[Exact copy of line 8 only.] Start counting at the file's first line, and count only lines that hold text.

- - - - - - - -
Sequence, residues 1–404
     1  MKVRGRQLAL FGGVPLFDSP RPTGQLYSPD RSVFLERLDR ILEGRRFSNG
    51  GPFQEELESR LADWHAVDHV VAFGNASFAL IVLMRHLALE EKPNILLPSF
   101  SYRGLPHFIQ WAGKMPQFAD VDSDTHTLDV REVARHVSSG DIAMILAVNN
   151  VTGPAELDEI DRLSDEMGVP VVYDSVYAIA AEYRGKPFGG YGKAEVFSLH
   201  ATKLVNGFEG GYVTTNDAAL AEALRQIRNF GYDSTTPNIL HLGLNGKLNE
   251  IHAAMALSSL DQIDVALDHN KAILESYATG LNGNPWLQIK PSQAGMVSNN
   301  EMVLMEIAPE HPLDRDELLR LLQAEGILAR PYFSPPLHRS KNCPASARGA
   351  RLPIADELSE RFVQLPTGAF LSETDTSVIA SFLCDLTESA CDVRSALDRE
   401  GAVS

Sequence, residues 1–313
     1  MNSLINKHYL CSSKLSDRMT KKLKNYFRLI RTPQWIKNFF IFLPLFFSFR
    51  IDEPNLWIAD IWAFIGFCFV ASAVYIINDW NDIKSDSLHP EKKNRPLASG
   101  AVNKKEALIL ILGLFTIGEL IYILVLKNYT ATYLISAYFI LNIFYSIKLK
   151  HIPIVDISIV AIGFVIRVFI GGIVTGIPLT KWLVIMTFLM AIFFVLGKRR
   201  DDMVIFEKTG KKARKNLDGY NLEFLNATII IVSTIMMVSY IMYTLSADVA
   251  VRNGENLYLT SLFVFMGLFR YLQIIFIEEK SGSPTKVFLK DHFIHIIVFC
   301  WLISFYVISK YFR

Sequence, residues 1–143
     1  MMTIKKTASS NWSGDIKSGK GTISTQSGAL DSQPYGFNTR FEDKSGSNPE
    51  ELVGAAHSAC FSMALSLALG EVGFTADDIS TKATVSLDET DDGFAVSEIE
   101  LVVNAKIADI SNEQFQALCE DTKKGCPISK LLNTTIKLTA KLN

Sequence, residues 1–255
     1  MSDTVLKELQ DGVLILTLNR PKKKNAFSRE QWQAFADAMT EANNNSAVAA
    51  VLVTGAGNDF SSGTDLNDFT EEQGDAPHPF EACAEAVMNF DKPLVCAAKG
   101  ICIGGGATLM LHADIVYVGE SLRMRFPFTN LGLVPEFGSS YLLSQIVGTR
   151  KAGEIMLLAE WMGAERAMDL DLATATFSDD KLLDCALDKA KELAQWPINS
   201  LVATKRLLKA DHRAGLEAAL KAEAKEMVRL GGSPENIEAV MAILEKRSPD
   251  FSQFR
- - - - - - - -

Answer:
   301  EMVLMEIAPE HPLDRDELLR LLQAEGILAR PYFSPPLHRS KNCPASARGA